- Joe Miller

Friday, September 9, 2011

I'd Love To Turn You On - At the Movies #21 - Altered States (dir. Ken Russell, 1980)

Ken Russell is a madman. I’ve seen almost every film he’s made and that is the conclusion I’ve drawn. Altered States is no exception and it is his most conventional film. Based on a Paddy Chayevsky novel the real kernel of the film goes back to a short story by H. P. Lovecraft called “Back There.” In it, a man discovers a way to access the genetic history inherent in all our brains and become, essentially, a caveman. In Altered States Harvard Professor Eddie Jessup (William Hurt in his first film role) conducts experiments with graduate students that combine strong hallucinogenic drugs with sessions in an isolation tank. The results start to get weird and, being a man of science in 1967, Professor Jessup decides he needs to try it for himself. He does so and the results are startling. Eddie is a big question kind of guy, and his experiences floating in total sensory deprivation lead to incredible hallucinations involving his religious upbringing, his feelings towards his wife (played with doe-eyed beauty by Blair Brown - whatever happened to her?), and his desire to understand and be part of a more primitive state of being. He finds out about a tribe of Indians in Mexico who use a mushroom to induce common visions of ancestral creation. Jessup visits them and has a powerful trip that leaves him naked on a hillside with a dead lizard next to him. He decides he must combine this mushroom with the isolation tank. And this is all in the first 20 minutes of the movie!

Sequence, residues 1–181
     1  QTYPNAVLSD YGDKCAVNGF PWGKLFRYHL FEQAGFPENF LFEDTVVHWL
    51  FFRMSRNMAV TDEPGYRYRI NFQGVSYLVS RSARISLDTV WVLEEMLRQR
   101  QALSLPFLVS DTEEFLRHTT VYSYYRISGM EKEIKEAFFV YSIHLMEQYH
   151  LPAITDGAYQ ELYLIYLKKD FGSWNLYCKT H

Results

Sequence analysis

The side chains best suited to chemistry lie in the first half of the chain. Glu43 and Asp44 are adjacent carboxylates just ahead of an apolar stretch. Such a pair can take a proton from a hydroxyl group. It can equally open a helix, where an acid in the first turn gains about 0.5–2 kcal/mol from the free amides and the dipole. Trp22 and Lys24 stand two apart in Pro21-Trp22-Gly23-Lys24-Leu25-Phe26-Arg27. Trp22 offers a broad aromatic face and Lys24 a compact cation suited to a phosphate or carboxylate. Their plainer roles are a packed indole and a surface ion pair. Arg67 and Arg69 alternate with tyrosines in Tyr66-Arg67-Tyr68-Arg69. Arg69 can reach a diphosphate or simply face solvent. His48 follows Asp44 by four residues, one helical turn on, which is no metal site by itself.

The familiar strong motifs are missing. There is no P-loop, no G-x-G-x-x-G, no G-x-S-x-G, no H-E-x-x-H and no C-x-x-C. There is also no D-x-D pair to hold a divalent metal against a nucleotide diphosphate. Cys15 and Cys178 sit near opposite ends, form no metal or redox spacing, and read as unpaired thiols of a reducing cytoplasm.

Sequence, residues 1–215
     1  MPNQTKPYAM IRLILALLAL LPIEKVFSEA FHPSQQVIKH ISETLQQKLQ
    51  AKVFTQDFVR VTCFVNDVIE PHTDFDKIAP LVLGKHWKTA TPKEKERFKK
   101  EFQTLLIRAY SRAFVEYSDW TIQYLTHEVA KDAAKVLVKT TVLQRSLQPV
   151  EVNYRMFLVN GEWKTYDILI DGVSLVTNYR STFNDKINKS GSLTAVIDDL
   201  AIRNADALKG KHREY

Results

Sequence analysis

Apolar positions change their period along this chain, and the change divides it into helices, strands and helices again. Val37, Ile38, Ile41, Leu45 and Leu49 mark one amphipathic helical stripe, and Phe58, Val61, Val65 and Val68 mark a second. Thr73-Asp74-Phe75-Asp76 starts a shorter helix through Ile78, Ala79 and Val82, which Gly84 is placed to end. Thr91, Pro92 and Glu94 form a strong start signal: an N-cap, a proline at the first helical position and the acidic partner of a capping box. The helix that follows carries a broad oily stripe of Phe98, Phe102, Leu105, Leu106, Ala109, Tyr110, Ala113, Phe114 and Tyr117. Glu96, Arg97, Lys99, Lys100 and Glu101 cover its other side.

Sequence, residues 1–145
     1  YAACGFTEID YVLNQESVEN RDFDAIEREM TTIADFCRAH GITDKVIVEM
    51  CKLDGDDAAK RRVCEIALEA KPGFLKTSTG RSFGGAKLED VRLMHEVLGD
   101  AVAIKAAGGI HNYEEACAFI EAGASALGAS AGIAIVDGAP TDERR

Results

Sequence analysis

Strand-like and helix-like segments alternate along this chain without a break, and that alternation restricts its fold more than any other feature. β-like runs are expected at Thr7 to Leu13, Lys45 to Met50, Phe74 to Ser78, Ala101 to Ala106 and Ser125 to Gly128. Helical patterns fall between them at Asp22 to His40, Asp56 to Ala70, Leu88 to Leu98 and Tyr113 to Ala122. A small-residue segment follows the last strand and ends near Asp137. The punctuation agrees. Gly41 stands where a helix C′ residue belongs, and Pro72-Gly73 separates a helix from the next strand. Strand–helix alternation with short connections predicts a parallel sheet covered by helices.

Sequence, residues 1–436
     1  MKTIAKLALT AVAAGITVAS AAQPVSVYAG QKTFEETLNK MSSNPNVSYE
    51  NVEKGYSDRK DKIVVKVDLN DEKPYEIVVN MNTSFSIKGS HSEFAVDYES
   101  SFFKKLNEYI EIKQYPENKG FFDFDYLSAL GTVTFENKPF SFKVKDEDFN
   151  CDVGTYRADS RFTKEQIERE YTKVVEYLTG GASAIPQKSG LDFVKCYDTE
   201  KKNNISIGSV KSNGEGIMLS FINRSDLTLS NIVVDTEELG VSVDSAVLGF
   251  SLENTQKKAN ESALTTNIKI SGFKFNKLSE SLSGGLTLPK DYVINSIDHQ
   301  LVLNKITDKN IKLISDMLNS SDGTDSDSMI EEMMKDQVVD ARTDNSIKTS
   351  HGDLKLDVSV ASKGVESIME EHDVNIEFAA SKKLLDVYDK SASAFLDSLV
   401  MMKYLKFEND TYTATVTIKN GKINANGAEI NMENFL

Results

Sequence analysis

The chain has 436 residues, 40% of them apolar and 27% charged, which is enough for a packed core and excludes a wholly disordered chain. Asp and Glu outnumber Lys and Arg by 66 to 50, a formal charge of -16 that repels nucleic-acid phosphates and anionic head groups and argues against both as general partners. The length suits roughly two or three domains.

Ken Russell attacks the subject with such vigor and visual flair that one hardly questions what is happening. It is only after Jessup returns to his experiments and enhances them with the mushroom extract, which he somehow talked the Indians out of, that things really start to get weird. His colleagues at Harvard are starting to think he is a flake and his wife is ready to take the kids and leave. His sessions find him physically regressing and actually becoming a primitive man. Although the film has been moving at a fast clip up to this point, it is now that the special effects really take over and the film goes into hyperdrive. Jessup ultimately takes the experiment as far as it can go, physically mutating into a dangerous ape like creature. To learn how he gets out of this state will require you seeing the movie. It is very worth the journey because Russell is such a fearless and personal director. Tackling hallucinations on film has historically proven to be a dicey business. Many directors less talented than Russell have failed miserably. While some of his techniques are dated, there is a colorful brilliance to these sequences that justify the price of admission. The movie keeps to a dark palette of colors during the rest of the action, so the hallucination scenes nearly explode off the screen. Filled with flying sparks, religio-sexual imagery, and cells breaking down into DNA it is all great fun, and Russell’s own sense of authority in the fields of both asking the big questions and tripping balls are obvious in every frame.

Walking the line between serious science fiction and action-filled crowd pleasing is a perilous task. It is so easy to undermine the important thematic elements of a film by making the action too bread and circus-y. Altered States takes it as far as one can go in both directions without splitting in two. Ken Russell’s film is both intellectually rewarding and filled with enough pulse-pounding to keep even the most primitive human engaged.